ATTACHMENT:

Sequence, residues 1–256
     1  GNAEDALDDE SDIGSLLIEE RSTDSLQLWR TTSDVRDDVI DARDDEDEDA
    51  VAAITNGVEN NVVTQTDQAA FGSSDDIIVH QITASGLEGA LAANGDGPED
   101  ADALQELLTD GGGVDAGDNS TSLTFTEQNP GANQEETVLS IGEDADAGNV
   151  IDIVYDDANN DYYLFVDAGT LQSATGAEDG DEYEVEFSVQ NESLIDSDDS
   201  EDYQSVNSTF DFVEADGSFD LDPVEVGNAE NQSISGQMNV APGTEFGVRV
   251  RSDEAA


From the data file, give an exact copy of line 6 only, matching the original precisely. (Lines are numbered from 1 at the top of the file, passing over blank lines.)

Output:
   201  EDYQSVNSTF DFVEADGSFD LDPVEVGNAE NQSISGQMNV APGTEFGVRV